Binding of alpha 2-macroglobulin-thrombin complexes and methylamine-treated alpha 2-macroglobulin to human blood monocytes.

Journal Article (Journal Article)

The binding of alpha 2-macroglobulin (alpha 2M) to human peripheral blood monocytes was investigated. Monocytes, the precursors of tissue macrophages, were isolated from fresh blood by centrifugal elutriation or density gradient centrifugation. Binding studies were performed using 125I-labeled alpha 2M. Cells and bound ligand were separated from free ligand by rapid vacuum filtration. Nonlinear least-squares analysis of data obtained in direct binding studies at 0 degrees C showed that monocytes bound the alpha 2M-thrombin complex with a Kd of 3.0 +/- 0.9 nM and the monocyte had 1545 +/- 153 sites/cell. Thrombin alone did not compete for the site. Binding was divalent cation dependent. Direct binding studies also demonstrated that monocytes bound methylamine-treated alpha 2M in a manner similar to alpha 2M-thrombin. Competitive binding studies showed that alpha 2M-thrombin and methylamine-treated alpha 2M bound to the same sites on the monocyte. In contrast, native alpha 2M did not compete with alpha 2M-thrombin for the site. Studies done at 37 degrees C suggested that after binding, the monocyte internalized and degraded alpha 2M-thrombin and excreted the degradation products. Receptor turnover and degradation of alpha 2M-thrombin complexes were blocked in monocytes treated with chloroquine, an inhibitor of lysosomal function. Our results indicate that human monocytes have a divalent cation dependent, high-affinity binding site for alpha 2M-thrombin and methylamine-treated alpha 2M which may function to clear alpha 2M-proteinase complexes from the circulation.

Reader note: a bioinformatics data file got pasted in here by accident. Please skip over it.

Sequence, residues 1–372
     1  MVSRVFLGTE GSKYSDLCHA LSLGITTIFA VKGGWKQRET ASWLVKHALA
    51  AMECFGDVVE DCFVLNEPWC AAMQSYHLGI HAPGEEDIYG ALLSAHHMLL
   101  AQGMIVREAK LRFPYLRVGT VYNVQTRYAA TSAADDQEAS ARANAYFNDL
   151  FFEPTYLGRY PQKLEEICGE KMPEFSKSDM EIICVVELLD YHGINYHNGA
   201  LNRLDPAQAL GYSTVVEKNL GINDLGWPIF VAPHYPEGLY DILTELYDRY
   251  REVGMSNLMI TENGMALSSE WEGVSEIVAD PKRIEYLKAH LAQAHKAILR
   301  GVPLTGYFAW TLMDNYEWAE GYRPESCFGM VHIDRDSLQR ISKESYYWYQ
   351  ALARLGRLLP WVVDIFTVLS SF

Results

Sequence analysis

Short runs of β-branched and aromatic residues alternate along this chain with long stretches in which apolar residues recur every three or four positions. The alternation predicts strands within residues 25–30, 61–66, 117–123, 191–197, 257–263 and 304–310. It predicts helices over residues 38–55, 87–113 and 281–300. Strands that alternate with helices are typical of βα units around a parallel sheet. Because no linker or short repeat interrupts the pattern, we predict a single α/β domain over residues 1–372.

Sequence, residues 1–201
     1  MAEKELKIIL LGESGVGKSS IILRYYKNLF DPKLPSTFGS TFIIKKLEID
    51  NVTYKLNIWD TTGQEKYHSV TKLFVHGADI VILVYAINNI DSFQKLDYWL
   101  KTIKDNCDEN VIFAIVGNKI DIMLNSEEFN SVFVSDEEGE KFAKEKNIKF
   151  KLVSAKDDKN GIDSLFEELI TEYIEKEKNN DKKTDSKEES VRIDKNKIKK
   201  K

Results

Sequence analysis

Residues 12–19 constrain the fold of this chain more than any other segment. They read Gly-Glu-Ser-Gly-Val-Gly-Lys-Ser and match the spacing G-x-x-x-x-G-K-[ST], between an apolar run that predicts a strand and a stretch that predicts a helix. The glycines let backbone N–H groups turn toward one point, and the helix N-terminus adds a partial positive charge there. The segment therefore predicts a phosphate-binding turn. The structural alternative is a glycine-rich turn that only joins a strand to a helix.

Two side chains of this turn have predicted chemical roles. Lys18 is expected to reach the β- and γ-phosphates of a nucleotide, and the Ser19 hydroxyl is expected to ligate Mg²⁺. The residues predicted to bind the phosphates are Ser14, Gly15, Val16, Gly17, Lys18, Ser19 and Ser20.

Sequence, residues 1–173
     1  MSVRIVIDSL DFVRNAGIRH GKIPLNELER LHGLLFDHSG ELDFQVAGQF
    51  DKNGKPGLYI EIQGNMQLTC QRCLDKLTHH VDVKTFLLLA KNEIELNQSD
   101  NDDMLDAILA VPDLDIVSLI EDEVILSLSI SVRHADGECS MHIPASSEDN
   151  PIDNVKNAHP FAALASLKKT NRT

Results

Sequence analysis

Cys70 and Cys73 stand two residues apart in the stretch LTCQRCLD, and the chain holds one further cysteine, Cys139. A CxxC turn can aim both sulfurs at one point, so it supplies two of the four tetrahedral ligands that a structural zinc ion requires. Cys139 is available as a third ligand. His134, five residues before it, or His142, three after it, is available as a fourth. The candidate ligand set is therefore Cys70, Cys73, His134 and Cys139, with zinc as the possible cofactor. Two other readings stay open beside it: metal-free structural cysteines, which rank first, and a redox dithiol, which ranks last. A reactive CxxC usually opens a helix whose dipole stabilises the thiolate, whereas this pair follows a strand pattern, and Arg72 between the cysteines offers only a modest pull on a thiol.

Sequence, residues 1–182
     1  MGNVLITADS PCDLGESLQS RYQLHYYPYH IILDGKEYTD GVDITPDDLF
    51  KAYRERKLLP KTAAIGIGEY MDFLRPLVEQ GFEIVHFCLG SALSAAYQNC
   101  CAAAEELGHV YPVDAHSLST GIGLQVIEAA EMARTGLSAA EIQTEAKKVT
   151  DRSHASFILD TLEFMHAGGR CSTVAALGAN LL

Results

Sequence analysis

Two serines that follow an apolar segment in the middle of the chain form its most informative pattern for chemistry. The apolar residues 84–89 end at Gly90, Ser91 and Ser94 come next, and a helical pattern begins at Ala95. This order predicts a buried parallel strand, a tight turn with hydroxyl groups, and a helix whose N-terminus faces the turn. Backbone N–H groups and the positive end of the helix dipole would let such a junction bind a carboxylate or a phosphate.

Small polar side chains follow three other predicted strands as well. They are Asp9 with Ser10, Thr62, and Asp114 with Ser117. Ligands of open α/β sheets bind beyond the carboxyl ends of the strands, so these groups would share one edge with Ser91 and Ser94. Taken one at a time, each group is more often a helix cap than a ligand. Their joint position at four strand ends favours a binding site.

Full Text

Duke Authors

Cited Authors

  • Straight, DL; Jakoi, L; McKee, PA; Snyderman, R

Published Date

  • April 19, 1988

Published In

Volume / Issue

  • 27 / 8

Start / End Page

  • 2885 - 2890

PubMed ID

  • 2456779

International Standard Serial Number (ISSN)

  • 0006-2960

Digital Object Identifier (DOI)

  • 10.1021/bi00408a033


  • eng

Conference Location

  • United States